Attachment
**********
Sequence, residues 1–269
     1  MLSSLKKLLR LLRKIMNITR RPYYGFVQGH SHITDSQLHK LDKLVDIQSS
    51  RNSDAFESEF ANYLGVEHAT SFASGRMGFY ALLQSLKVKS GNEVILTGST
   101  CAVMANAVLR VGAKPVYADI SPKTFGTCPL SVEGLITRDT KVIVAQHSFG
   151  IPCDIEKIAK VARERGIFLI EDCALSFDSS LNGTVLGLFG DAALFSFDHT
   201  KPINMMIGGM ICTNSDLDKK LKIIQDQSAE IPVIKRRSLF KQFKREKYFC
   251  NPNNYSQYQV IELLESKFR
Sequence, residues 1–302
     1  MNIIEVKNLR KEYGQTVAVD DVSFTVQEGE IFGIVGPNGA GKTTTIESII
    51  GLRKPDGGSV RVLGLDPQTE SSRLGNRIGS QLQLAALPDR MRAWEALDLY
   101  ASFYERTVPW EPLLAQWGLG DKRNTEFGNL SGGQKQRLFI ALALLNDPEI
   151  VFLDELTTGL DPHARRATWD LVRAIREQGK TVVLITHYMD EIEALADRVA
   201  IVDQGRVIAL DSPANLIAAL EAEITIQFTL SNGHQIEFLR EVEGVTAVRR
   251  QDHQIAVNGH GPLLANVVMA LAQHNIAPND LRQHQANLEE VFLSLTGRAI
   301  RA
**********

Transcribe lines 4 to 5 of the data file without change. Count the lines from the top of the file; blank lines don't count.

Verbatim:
   101  CAVMANAVLR VGAKPVYADI SPKTFGTCPL SVEGLITRDT KVIVAQHSFG
   151  IPCDIEKIAK VARERGIFLI EDCALSFDSS LNGTVLGLFG DAALFSFDHT